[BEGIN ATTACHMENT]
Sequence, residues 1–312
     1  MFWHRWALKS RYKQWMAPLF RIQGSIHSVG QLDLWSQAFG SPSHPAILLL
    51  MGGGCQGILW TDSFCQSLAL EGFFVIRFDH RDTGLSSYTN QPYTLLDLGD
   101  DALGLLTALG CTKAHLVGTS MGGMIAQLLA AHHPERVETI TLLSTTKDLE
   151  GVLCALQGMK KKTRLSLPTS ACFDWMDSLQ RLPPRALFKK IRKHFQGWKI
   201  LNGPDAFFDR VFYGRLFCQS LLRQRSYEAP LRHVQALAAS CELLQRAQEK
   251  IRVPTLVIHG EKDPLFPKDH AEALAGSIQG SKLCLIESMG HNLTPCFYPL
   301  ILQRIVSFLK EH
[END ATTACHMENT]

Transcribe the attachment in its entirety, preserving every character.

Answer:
Sequence, residues 1–312
     1  MFWHRWALKS RYKQWMAPLF RIQGSIHSVG QLDLWSQAFG SPSHPAILLL
    51  MGGGCQGILW TDSFCQSLAL EGFFVIRFDH RDTGLSSYTN QPYTLLDLGD
   101  DALGLLTALG CTKAHLVGTS MGGMIAQLLA AHHPERVETI TLLSTTKDLE
   151  GVLCALQGMK KKTRLSLPTS ACFDWMDSLQ RLPPRALFKK IRKHFQGWKI
   201  LNGPDAFFDR VFYGRLFCQS LLRQRSYEAP LRHVQALAAS CELLQRAQEK
   251  IRVPTLVIHG EKDPLFPKDH AEALAGSIQG SKLCLIESMG HNLTPCFYPL
   301  ILQRIVSFLK EH